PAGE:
Hopes for more funding for “vital” Norlane facility

February 25, 2021 BY

Earlier this month council completed works to get the project shovel ready ahead of Tuesday's vote to apply for federal funding. Photo: CITY OF GREATER GEELONG

THE Northern Aquatic and Community Hub project is ramping up with the City of Greater Geelong gaining momentum in the bid to secure additional funding.

During Tuesday’s meeting council considered a report as two federal funding opportunities arose for the projected $61.6 million infrastructure.

The project is anticipated to transform the rapidly growing population of Norlane by providing health, fitness, community and civic facilities.

The city has shown its commitment to the project by putting forward $20 million for the project as well as spending over $2 million to get the building ‘shovel ready’ ahead of the allocation of federal funds.

It was previously reported that council would formally request up to $18 million for the project under the Building Better Regions Fund, as well as the Local Roads & Community
Infrastructure Fund.

The federal government had previously allocated over $8 million under the Local Roads & Community Infrastructure Fund, with the city using the Tuesday’s meeting to determine how much of the money will go towards this project.

The redevelopment of the Waterworld and Centenary Hall location will include the construction of a 25-metre pool, hydrotherapy and learn-to-swim pool, gym and group exercise, multi-purpose community spaces, consulting suites for maternal child health and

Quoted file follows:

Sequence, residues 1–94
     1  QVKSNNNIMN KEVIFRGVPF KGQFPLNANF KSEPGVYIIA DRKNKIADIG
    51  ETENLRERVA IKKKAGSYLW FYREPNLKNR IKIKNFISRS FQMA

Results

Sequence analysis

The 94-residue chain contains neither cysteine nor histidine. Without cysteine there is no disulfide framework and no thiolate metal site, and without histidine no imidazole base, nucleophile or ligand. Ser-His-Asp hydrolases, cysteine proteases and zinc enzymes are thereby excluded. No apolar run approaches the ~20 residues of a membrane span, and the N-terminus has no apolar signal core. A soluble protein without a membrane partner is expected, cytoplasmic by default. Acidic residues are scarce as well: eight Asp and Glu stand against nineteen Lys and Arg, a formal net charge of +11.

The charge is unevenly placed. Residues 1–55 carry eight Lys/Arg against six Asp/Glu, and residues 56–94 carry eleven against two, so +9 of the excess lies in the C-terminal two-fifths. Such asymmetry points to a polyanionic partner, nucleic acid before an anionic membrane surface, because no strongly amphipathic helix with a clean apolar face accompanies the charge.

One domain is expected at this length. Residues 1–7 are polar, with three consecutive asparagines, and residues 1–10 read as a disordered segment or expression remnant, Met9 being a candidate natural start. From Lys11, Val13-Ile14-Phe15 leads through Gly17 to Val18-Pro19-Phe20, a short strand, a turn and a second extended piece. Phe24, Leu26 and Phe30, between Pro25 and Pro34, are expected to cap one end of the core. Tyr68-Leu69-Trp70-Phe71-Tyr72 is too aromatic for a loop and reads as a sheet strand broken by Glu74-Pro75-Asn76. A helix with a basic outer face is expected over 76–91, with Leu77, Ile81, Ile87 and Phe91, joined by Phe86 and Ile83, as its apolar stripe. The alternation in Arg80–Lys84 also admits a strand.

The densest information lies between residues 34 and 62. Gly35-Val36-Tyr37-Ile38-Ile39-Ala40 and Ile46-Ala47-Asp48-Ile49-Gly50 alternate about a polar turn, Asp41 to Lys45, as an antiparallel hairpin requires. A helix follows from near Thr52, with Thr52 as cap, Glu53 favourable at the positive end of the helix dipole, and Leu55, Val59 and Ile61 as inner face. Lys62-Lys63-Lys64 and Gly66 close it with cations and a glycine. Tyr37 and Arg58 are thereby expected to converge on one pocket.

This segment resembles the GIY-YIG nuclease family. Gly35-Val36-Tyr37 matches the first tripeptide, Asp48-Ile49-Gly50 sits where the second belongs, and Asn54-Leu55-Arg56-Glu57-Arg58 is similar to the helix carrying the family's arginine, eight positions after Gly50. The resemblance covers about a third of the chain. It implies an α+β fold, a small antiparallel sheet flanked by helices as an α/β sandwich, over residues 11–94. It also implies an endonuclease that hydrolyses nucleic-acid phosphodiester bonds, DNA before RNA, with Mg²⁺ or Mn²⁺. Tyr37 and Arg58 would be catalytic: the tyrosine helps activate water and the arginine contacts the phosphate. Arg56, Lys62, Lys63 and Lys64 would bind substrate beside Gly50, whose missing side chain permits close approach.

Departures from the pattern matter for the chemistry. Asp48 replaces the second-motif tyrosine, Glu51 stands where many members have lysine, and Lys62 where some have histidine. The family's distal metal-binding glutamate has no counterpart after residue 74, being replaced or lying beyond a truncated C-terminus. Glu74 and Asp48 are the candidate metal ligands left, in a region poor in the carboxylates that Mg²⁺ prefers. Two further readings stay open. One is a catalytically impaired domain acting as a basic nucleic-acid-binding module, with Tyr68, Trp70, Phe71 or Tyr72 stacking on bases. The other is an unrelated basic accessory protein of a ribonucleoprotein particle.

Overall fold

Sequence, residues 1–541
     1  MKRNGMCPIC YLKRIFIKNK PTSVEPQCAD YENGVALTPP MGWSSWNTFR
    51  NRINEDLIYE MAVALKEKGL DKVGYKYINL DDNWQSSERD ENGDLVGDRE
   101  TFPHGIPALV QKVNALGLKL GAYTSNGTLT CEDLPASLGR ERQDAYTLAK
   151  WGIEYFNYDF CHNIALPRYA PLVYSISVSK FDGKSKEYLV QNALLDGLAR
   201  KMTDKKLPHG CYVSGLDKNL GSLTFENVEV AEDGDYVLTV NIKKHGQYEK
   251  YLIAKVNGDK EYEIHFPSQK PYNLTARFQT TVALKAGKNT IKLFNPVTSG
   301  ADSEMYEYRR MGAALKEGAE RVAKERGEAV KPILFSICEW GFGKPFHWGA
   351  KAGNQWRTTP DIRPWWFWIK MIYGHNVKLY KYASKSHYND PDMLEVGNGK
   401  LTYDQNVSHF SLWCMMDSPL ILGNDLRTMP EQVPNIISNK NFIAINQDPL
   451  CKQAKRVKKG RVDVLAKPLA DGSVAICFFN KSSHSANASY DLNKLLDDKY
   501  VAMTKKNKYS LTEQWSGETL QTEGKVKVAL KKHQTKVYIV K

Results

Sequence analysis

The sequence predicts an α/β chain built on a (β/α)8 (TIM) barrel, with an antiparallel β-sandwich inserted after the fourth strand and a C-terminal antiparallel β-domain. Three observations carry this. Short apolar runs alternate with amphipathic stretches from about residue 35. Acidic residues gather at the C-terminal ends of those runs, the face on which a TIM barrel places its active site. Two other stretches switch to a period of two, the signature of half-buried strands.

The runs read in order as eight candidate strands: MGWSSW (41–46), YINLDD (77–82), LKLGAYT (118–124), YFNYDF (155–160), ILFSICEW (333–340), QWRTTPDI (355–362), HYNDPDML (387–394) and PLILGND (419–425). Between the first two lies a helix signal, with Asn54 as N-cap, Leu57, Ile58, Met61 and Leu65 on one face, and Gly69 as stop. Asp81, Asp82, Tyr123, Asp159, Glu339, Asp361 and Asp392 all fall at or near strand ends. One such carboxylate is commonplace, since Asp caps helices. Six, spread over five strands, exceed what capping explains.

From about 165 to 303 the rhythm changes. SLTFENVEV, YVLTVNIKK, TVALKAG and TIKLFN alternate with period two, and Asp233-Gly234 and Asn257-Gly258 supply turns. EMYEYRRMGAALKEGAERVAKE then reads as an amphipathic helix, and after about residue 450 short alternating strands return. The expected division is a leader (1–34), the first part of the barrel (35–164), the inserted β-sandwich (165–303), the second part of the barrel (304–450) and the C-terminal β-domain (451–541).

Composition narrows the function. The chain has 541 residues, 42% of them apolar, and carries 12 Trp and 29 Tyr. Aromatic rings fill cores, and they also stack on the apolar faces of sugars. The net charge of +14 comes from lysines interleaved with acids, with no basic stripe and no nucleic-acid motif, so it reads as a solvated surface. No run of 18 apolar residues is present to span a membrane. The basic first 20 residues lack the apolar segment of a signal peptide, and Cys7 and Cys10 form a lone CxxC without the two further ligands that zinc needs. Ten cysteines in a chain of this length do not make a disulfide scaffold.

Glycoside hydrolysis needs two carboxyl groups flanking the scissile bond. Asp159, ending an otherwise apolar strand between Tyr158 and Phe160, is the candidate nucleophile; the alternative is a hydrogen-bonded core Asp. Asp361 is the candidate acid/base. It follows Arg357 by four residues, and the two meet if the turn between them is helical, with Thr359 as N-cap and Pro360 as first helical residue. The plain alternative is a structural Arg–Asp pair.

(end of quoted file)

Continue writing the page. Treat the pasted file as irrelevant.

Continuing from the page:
rehabilitation services.

The project was first proposed in 2014 but has struggled to gain funding from state and federal governments in the past.

Support has since ramped up with senior leaders from 11 prominent local organisations, including the Barwon Regional Partnership, G21, the Committee for Geelong, the Geelong COVID Recovery Collective and the Geelong Chamber of Commerce, backing the project.

In the report, the council stated there were significant benefits of the project to the Geelong community in terms of immediate economic stimulus and jobs during construction, as well as long-term health benefits.

A business case prepared by Deloitte included the detailed cost and reward of the project with construction estimated to inject $67 million into the local economy and provide more than 100 jobs.

The world-class facility is anticipated to deliver up to $111 million in preventative health benefits in its first decade, providing access to diverse and vulnerable communities.

A city report released last week confirmed Norlane and Corio were ranked amongst the most disadvantaged postcodes in Australia with further data revealing the rate of poor health and distress were double the average in the municipality.

Geelong mayor Stephanie Asher said the project would immediately stimulate the economy while providing better health outcomes for those who need it most.

“We have said all along that we won’t give up until it’s built,” she said.

The council continues to position the redevelopment as a top priority, with Windermere Ward councillor Anthony Aitken calling it vital.

“This critical project for Geelong and the north has taken on even greater urgency,” he said.

“Access to a state-of-the-art facility would encourage more people to exercise, benefitting the community’s overall physical health.”

Council has previously been overlooked twice by the federal government prior to Tuesday’s vote to lodge an application with the Building Better Regions Fund.